So yes, publicity includes scoring sweet TV and radio interviews, and setting up fabulous tours and signings for authors, getting major review coverage—but you have to walk before you crawl, and the internet is a pretty great place to start cutting your author-teeth (I believe those are located somewhere behind the wisdom teeth…). So keep an eye out for new, trend-setting sites, for new modes of getting a book “out there” that are all the rage (I’m looking at your, cover reveal trend!). Or ask a publicist. Do blog tours, blog stops and blog hops (digital cardio, anyone?), do Q&As, guest posts, and make nice with the community that you’re trying to break into. Skype, e-mail, g-chat—really get to what’s going on in your little world! Once you’ve got a strong base digitally, you can expand upon it. And don’t be afraid to be creative; anything new is worth trying once, because that just may be what sets you aside from your peers.

avon_high_res_pinkOf course, if you have a publicist, they’ll do a lot of this with and for you. While authors need to spend most of their time author-ing, publicists get paid to spend their time publicist-ing—and they also do this for a living, so keeping track of every new trend, coming up with bizarre giveaway ideas and strange blog posts for you to write is not only our bread and butter, it’s yours too. Ultimately, though, my point is that if you know your fan-base, you’ll be able to make the most of your time and energy. Let’s say you don’t like writing blog posts so much, or you’re on a deadline and can only do so many Q&As before your editor starts to get antsy; then it’s for you (or for your publicist, if you have one), to figure out what will get you the most bang for your buck.

Here are some good ways to get started:

  • Blog Tours: These are just about my favorite things, and they can be tailor-made to match your likes and dislikes and particular skills. Each day for as long (or as short) a time period as you want, you can go to a different blog and do a guest post or interview, or have them post a promo and blurb about your book, or an excerpt, or a giveaway, or a playlist, or a…well, you get the idea. Sky’s the limit with these. Your publicist can set one up for you, or you can always reach out to Blog Tour companies—there are a ton of them, each with a different network of bloggers to reach out to.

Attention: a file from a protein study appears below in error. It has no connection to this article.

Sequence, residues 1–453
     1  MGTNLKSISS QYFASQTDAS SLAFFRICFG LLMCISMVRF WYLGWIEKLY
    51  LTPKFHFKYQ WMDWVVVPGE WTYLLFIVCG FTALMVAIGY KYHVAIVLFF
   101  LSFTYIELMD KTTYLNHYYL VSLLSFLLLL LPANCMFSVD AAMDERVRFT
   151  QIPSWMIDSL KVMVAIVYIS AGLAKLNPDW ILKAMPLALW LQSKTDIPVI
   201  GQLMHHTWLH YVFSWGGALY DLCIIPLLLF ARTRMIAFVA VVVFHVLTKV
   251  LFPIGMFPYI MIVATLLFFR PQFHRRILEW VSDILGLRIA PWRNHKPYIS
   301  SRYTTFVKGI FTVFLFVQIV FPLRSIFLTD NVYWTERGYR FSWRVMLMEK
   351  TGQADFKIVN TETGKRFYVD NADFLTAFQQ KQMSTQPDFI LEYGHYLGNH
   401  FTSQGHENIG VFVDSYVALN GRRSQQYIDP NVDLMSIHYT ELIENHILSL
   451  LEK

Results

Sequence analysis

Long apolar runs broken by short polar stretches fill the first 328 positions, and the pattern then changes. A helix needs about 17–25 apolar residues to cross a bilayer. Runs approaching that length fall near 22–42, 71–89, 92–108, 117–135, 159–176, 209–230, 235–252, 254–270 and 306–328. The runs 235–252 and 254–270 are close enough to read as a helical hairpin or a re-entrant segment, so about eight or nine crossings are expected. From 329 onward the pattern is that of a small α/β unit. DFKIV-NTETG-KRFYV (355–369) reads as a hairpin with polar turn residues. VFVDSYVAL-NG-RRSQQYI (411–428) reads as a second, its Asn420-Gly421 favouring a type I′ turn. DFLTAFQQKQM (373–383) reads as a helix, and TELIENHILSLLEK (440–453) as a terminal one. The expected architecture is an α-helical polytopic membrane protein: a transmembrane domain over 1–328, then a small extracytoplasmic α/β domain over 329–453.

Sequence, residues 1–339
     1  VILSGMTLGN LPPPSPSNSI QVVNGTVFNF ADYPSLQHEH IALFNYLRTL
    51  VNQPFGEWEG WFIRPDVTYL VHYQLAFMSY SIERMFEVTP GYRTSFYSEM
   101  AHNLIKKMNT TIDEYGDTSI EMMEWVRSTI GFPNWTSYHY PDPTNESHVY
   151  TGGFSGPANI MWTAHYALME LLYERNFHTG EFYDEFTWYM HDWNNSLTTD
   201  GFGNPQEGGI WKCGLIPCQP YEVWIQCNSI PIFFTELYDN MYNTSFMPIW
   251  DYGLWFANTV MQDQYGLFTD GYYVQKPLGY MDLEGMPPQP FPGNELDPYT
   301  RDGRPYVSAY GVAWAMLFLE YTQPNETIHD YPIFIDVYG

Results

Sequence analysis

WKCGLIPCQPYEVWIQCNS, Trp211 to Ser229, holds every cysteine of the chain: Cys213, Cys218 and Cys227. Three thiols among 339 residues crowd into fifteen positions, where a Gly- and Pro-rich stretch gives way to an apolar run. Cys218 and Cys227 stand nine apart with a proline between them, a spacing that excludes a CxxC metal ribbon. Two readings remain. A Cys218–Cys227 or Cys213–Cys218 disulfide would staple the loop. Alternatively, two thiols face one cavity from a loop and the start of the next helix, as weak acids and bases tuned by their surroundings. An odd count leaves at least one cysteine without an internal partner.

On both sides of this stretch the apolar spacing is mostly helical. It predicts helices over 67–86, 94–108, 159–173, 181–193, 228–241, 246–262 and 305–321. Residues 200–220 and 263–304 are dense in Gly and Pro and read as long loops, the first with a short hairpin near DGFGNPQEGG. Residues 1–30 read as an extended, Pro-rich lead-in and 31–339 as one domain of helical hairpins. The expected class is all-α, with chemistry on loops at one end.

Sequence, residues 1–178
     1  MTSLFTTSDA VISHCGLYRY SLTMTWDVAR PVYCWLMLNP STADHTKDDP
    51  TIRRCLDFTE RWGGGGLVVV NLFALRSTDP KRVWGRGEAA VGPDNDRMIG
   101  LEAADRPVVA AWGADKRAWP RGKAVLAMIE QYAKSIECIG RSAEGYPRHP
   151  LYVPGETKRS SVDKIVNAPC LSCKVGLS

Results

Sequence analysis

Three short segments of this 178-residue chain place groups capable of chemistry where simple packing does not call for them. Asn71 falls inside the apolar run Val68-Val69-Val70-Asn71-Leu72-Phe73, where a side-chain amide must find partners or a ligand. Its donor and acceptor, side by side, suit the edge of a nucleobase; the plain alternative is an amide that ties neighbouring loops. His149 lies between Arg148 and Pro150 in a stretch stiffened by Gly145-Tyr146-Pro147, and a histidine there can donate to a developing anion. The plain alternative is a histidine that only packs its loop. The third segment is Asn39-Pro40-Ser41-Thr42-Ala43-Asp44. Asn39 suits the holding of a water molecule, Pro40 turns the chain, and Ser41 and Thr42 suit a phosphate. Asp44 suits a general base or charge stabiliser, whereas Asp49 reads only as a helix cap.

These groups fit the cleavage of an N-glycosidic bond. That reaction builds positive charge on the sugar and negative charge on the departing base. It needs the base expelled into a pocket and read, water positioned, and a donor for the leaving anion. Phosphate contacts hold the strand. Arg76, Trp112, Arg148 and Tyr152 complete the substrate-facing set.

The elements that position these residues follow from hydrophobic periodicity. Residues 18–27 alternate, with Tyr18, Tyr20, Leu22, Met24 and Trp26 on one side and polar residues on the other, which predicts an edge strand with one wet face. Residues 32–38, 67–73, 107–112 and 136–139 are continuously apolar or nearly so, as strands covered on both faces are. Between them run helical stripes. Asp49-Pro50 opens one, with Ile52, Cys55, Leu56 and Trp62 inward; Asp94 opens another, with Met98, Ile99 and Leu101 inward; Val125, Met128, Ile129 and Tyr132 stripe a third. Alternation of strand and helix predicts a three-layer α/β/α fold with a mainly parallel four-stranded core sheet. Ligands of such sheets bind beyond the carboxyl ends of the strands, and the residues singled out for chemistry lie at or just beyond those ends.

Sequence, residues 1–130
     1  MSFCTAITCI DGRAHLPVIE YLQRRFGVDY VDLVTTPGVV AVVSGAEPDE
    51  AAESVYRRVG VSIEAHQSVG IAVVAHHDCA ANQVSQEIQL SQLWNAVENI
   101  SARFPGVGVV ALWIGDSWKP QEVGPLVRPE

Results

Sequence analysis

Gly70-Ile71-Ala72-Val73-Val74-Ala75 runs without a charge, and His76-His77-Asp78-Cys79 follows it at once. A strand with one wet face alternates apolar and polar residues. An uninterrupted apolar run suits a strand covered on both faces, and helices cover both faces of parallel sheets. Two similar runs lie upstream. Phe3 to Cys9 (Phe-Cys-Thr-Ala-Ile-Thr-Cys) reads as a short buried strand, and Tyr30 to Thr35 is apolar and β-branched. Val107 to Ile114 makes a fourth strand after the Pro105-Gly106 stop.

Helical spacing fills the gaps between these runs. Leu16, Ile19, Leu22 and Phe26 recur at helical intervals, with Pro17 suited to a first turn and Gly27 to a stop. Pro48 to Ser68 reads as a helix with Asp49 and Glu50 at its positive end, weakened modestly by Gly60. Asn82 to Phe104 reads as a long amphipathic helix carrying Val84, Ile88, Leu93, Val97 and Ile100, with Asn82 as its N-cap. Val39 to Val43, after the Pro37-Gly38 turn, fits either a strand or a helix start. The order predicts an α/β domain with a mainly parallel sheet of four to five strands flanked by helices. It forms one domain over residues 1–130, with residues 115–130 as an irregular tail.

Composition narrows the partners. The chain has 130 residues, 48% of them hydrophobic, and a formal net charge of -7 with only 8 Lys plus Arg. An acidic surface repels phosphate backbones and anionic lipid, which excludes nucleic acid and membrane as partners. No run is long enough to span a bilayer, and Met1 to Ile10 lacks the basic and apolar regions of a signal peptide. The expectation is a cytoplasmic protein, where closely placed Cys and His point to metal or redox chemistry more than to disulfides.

• Giveaways: It’s a fact of life that people love free stuff, and while many readers may discover you through more mundane means, many others may simply just see that a giveaway of yours is being hosted on their favorite blog, and the thrill of possibly winning may be all they need to get the idea of your book into their minds—and that’s not a bad thing. Alternately, a devoted fan of yours may be the winner, and isn’t that just a great reward for a super-fan? As for what to giveaway…well, anything, really. E-Readers pre-loaded with your books are a nice safe bet, but I think thematic giveaways are really fun and special. For example. Jennifer Ryan’s new book, Chasing Morgan, involves a heroine who is a psychic. So we’re giving away a reading with a psychic!
  • Social Media: This is a fairly unimaginative thing to say on my part, but it’s an important one. A lot of readers get news about new book releases from Facebook, Twitter, Tumblr, Goodreads—the whole lot of ‘em. So build up your presence on these. It’s a slow-and-steady kind of process, but worth it. Through social media, you can interact directly with your readers, and let them see exactly what kind of a person you are. Be warned, though: don’t just talk about yourself and your books. Fans appreciate the reminder that you’ve got a new release in a few days, or that your excited about a new chapter you just wrote…but they also want to see you as more than a vague, writerly concept, all hunched up, typing at the computer furiously. They’d like to get a better idea of who you are, so don’t be shy, and use social media to interact with them!